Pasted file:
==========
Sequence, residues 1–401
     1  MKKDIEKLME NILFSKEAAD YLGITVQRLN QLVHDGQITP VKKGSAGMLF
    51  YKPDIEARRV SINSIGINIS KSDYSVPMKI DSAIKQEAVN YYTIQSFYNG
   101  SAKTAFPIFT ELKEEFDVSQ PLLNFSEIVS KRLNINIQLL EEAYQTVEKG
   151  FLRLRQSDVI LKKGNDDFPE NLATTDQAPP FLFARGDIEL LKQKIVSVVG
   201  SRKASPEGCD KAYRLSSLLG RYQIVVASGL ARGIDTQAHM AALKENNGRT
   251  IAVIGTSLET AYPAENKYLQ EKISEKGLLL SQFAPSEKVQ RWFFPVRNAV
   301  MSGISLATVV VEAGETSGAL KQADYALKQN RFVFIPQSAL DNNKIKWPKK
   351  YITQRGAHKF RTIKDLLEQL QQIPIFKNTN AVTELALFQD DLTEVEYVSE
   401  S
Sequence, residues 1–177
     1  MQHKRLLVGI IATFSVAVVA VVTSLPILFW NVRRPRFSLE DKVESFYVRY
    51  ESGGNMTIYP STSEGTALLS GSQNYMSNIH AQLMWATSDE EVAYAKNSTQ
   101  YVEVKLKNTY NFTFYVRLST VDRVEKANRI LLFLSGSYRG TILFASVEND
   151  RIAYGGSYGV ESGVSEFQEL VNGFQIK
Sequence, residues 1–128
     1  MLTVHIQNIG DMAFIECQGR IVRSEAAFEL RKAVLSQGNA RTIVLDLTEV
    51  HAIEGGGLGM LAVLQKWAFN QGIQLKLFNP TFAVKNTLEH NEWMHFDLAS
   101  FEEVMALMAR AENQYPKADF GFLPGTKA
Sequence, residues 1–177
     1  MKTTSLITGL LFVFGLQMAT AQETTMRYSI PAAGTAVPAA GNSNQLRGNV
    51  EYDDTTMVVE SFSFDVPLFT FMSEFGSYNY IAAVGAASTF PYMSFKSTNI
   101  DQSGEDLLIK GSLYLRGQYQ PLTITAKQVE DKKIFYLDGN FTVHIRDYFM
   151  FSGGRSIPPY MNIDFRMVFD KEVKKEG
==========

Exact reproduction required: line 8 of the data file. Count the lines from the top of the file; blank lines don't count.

   301  MSGISLATVV VEAGETSGAL KQADYALKQN RFVFIPQSAL DNNKIKWPKK